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Week Five:
September 28, 1998 - October 2, 1998

Working with Shelters


Day One

Subject: CLASS: working with shelters
Date: Mon, 28 Sep 1998 11:36:39 +0000
From: Pam Bishop - dobra@pe.net

Classmembers....

For many of us, the majority of the dogs that we handle come from our local animal shelters and humane societies. So a good working relationship with them is very important.

Animal control is just that, it is owned and run by the city or county. It is there to control the animals of that community. Many are run by caring people who want the best for the animals, but just as many are not. This can be very difficult for those of us doing rescue. Humane Societies are private organizations owned and run either by an individual or as a non-profit organization with a board of directors. A Humane Society may or may not have a shelter. It also can have the animal control contract for your area. So these can overlap. It's important to know the dog laws in the area you are working in and to understand the make up of the shelters you hope to work with.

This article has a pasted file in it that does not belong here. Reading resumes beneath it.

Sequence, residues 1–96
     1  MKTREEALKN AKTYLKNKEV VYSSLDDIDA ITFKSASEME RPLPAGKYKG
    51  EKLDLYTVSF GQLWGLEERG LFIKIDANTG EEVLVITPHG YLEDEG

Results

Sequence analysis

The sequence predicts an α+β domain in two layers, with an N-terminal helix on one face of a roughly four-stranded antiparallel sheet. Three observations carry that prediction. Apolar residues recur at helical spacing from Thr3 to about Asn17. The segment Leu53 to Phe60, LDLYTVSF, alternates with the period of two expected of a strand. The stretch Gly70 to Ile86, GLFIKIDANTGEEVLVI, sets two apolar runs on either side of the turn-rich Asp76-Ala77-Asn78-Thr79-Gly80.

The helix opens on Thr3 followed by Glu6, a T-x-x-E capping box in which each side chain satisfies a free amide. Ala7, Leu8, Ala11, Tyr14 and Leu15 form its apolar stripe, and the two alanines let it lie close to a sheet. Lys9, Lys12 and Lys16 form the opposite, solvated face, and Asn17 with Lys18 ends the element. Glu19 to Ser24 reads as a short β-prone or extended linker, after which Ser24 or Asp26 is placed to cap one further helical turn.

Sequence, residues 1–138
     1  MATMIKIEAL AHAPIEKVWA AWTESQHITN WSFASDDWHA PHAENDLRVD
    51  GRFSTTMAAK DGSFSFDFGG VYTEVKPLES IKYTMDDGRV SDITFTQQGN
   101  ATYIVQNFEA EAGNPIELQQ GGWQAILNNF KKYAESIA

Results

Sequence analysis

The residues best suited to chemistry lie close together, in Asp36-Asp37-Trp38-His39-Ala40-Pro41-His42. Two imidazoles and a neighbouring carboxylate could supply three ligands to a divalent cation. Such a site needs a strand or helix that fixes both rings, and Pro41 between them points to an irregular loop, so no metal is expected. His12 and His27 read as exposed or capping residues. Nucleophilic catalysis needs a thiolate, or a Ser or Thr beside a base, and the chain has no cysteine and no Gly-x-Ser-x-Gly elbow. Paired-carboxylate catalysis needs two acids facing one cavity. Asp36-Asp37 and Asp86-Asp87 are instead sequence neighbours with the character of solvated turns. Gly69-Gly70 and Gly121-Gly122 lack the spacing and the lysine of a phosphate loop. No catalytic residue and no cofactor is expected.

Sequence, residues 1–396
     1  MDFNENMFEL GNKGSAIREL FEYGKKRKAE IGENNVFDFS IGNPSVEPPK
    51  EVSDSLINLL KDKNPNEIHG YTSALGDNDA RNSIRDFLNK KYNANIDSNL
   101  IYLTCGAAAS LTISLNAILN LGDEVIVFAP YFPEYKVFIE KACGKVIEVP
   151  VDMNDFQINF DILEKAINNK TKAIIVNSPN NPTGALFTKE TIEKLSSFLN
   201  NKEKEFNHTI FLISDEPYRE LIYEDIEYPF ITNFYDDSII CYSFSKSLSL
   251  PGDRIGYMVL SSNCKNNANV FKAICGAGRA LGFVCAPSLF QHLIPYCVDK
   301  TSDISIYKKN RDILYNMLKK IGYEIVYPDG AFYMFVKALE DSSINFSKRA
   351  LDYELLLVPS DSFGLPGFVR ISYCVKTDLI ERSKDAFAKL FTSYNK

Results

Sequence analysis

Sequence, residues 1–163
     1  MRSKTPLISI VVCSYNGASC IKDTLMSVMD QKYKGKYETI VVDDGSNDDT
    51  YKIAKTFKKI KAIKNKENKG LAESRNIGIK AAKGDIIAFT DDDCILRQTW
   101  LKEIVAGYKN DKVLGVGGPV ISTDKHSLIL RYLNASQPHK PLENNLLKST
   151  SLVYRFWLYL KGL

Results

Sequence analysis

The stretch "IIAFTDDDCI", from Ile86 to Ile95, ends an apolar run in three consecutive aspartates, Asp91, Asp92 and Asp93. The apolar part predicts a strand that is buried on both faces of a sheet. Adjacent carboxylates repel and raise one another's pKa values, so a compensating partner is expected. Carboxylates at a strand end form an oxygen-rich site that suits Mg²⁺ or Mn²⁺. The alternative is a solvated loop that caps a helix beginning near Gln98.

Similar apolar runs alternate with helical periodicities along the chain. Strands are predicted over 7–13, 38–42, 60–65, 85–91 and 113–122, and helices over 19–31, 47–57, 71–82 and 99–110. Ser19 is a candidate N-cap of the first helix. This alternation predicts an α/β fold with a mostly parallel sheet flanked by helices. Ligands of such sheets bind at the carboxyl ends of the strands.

Most shelters, epecially with animal control contracts are "kill shelters". That means that they have more animals coming in than are going back to their owners and being adopted. That means that they must put down those animals. A Humane Society that only takes in owner turn-in animals can be a "no-kill" shelter as they can control the amount of animals coming into their facility. They do have to turn away many that end up in "kill" facilities. One way or another, there are too many pets and not enough homes.

That's where Rescue can help. We can take some of those animals and find good homes for them.

Many shelters are happy to work with rescue groups, others either don't care what happens to the animals or don't trust the Rescue groups they have met. So it is VERY important that you make a good impression on the people at the shelters. They have the dogs and the control. If you want to help the dogs, then you will leave your ego at the door and go there willing to do what you need to, to work with that shelter.